A sensory evaluation study was carried out to answer the question: "Are pond raised fish inferior to wild fish?" Lake Malawi Chambo - Tilapia (Oreochromis karongae) and Shire River Tilapia (Oreochromis shiranus) were processed into various products. Panelists evaluated preferences of the fish based on four sensory attributes namely: flavour, smell, taste and texture using a blind sample scoring. Results demonstrated that consumers were indifferent in their preference for fish from the wild and pond raised (P>0.05) suggesting that processed fish from both sources are equally liked. Acceptability of wild and pond raised O. karongae increased for processed products (P<0.05) while processed O. shiranus was liked indifferently irrespective of source (P>0.05). The study concludes that the disparity that consumers have regarding preference between wild and pond raised tilapia could merely be subjective, and hence, rejecting the hypothesis that pond raised fish are inferior to wild fish. A further observation is that presenting pond raised fish in a processed form could help in removing consumer bias consistent with sensory acceptability of food thereby improving its marketability and consequently, profitability. Processing also aids in value adding to realize more economic and nutritional benefits from fish. Findings from this study could be useful in planning and designing efficient marketing strategies for promotion of farmed fish.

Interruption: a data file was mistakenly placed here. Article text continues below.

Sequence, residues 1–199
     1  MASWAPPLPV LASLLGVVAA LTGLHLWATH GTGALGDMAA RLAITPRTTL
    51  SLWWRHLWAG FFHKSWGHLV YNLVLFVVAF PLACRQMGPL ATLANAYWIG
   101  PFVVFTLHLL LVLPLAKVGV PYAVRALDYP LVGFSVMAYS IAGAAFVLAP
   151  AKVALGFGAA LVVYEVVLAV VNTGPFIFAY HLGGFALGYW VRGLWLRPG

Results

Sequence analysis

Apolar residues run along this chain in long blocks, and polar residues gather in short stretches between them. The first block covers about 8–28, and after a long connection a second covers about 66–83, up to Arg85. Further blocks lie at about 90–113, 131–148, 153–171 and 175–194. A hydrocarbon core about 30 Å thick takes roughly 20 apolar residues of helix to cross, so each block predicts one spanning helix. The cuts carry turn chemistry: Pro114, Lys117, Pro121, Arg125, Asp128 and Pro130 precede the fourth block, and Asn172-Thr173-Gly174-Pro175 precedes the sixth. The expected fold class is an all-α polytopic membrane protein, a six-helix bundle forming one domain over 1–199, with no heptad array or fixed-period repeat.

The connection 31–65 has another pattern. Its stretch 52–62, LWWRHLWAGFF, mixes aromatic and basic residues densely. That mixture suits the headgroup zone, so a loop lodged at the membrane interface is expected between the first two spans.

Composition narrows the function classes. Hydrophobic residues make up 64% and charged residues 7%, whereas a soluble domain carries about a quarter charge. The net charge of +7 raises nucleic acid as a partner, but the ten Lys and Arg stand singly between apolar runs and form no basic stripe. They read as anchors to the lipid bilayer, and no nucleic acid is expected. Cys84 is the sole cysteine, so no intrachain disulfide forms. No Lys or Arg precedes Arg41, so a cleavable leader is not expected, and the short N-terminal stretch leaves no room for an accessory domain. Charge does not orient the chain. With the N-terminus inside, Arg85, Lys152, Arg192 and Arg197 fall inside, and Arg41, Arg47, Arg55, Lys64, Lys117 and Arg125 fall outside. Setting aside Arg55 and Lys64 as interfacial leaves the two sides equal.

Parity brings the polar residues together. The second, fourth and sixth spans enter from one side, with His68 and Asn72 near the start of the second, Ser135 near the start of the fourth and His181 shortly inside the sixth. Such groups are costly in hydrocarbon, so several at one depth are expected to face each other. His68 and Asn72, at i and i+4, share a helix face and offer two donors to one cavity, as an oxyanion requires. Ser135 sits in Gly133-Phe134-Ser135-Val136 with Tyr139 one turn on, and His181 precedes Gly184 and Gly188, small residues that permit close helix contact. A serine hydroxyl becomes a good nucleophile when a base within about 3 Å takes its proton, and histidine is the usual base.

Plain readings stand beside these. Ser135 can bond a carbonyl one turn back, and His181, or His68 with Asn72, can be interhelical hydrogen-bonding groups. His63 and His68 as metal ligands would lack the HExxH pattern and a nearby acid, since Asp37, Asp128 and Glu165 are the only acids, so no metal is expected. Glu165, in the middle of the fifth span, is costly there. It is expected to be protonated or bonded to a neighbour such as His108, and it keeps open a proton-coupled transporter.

Key words: Oreochromis karongae, Oreochromis shiranus, consumer behavior, fish presentation, unprocessed fish.
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